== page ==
"By now completely intertwined, Tantric and Sufi mysticism are still a strong force in contemporary Javanese society. Although persisting without a label, Tantric ideas continue to inform not only kebatinan [mystical sect] practices, but also their reflexes and reflections in the stories told about the performing arts."An appendix provides more detail about Saivite orders and Vajrayana (Tantric) Buddhism in medieval Java, but Gamelan Stories offers no general introduction to Islam in Java.
Turning to etymology, Becker argues in chapter one that the words gong and gendhing in medieval texts mean gamelan. On that basis, she finds evidence for Tantric elements in gamelan: in its use for both "inner" and "outer" worship and in the names of gamelan pieces. She then looks at a 1984 work "Knowledge of Gamelan Revealed" by Sastrapustaka, which explains the esoteric meanings of the keys or notes of the gamelan, their connections with cakra (centers of energy within the body), the five senses, and the six rasas or "perceptions".
"In Tantric thought and in Sufism ... religious knowledge is to be gained through the careful and systematic development of one's spiritual faculties through meditation. The special Tantric emphasis lies in the formulations that the spiritual quest is individual and not congregational, meditative and not devotional, body-centered, inward and immanent, not transcendent. To understand the macrocosmos, one begins with the body. This essentially Tantric formulation pervades 'Knowledge of Gamelan Revealed'."It is suggested that Sastrapustaka's Catholicism may have allowed him freedom of expression in a context where syncretic abangan approaches to Islam were suspect.
In chapter three Becker returns to the same piece, looking at more esoteric meanings of rasa. She then considers another late 20th century piece, Soerachman's "Larasing Gendhing", which mixes Sufism and Tantrism.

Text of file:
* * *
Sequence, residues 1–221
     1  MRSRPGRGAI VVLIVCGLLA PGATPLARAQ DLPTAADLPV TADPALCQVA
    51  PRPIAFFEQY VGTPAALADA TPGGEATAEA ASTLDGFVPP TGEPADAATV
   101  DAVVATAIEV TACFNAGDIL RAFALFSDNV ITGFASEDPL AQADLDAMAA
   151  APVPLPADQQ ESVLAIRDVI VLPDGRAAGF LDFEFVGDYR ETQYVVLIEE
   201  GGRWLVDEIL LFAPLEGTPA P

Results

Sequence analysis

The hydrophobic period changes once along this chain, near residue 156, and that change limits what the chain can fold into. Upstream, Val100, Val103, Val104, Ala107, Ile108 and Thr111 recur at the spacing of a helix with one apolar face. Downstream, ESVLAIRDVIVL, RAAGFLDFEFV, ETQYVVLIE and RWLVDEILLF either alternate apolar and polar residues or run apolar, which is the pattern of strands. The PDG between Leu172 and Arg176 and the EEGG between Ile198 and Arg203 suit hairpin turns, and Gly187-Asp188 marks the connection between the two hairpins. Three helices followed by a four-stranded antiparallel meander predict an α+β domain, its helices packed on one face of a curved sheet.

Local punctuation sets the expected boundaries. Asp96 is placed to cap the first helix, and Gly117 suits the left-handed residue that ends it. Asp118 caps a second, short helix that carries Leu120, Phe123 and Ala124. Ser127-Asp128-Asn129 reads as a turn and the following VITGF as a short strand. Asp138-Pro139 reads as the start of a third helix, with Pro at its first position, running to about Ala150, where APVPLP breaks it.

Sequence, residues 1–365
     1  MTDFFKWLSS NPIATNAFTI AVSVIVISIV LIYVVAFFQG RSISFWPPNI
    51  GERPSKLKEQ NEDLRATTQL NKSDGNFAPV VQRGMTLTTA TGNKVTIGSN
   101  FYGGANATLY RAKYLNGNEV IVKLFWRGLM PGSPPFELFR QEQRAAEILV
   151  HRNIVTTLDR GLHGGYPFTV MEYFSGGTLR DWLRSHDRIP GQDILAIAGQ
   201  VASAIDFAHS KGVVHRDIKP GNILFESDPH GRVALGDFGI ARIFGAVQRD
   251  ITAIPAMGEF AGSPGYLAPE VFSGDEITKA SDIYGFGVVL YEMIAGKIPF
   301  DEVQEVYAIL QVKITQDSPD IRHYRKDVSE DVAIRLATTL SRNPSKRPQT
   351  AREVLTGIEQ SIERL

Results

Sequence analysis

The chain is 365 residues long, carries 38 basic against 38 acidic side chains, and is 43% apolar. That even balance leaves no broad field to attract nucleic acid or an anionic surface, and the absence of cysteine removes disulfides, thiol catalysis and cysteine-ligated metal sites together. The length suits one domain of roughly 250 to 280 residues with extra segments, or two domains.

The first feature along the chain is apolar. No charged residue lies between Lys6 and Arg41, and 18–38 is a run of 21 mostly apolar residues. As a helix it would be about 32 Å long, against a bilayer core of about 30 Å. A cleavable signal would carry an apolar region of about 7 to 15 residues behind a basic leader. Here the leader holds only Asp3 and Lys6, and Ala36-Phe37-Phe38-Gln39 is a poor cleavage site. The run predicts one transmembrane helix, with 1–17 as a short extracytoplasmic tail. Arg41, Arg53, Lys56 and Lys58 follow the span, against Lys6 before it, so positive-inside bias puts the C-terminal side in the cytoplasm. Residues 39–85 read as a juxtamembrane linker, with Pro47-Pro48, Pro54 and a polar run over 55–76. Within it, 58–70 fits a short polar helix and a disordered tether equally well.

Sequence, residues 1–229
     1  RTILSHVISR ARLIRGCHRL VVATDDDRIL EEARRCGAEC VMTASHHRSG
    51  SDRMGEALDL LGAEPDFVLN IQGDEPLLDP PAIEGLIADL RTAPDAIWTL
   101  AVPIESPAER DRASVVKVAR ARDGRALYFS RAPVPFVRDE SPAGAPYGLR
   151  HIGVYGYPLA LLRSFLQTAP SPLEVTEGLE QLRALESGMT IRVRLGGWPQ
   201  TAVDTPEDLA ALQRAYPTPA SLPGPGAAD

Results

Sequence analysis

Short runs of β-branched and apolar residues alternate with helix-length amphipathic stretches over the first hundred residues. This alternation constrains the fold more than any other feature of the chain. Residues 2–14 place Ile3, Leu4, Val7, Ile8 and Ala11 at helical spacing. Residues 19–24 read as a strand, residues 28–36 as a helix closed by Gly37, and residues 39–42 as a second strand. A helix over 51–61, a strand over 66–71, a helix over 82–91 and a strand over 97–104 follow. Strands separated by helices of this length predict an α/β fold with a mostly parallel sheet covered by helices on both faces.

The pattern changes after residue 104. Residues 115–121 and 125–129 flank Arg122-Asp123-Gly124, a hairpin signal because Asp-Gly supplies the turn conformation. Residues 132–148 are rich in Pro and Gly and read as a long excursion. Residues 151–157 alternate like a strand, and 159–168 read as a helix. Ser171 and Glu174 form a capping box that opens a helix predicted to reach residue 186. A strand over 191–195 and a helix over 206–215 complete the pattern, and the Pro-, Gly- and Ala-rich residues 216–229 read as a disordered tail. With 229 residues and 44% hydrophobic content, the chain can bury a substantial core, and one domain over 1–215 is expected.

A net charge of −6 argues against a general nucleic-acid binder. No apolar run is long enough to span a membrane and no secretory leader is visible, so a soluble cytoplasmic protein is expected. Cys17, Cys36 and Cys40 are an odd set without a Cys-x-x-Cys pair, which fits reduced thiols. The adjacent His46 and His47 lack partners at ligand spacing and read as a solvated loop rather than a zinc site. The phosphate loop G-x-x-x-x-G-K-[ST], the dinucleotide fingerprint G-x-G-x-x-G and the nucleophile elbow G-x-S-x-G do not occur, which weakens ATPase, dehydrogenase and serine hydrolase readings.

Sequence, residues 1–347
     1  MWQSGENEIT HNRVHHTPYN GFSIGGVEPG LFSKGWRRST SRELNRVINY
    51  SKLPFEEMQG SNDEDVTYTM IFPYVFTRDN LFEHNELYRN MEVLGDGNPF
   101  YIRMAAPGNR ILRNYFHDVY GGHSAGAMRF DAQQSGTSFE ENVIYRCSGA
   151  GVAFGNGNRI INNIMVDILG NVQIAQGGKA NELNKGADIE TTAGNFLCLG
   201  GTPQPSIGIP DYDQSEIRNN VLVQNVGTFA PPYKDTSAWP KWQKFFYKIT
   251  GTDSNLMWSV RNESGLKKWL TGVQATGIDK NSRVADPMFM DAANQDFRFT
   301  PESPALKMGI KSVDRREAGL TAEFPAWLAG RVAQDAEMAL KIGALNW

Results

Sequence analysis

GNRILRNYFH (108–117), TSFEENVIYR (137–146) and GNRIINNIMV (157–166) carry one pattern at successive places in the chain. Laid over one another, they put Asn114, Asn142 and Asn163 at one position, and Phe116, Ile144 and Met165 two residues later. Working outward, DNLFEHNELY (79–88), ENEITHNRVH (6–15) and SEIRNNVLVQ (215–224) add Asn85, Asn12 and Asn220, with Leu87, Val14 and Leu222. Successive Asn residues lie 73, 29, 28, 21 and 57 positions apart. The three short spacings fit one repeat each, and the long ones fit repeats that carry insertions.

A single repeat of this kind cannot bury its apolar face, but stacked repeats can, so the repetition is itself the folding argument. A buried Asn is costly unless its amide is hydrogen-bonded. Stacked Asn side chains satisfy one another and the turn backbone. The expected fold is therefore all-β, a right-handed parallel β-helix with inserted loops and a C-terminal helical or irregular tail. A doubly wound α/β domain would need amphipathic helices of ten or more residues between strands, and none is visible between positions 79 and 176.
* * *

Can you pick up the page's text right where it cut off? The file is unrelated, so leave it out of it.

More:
"Soerachman's short treatise can be read as a Tantric doctrine advocating the use of gamelan music as a yantra, the dhyana stage of meditation that precedes samadhi. ...
On the other hand, Larasing Gendhing can be interpreted with equal coherence as a Sufi statement. The 'sound of the gamelan touching the heart' can be interpreted within the Sufi ideology of sama, focused listening for the purpose of attaining fana, the Sufi experience of loss of self-hood in union with Allah, also experienced within the heart."This is compared to two nineteenth century texts, the Sufi Surat Centini and a Balinese text Aji Ghurnita.
Chapter four looks at some of the stories about the court bedhaya dance: an Islamic story, Indic stories, and stories revolving around the Goddess of the South Sea, Kangjeng Ratu Kidul, and her union with the sultans of Surakarta. The choreography of the dance has esoteric meanings, as "a visual, metaphoric presentation of detailed and specific Tantric teachings" that may have been used as a yantra, and can also be linked to military formations.
In her conclusion Becker considers some wayang kulit performances used to ward off Kala, the demon Time — which also serves as a metaphor for the persistence of old traditions through change.
"This book is an attempt to reconstruct, for those of us who have no Javanese cultural memories, the erased writings that lie, barely visible, just beneath the gamelan stories of today."
Apart from brief comments on cultural translation issues, Gamelan Stories contains little theory — not enough either to annoy or to be of interest in its own right. It is a fascinating study in the coming together and persistence of different religious traditions, but given its specialised focus it will probably only interest Javanists and students of Tantrism.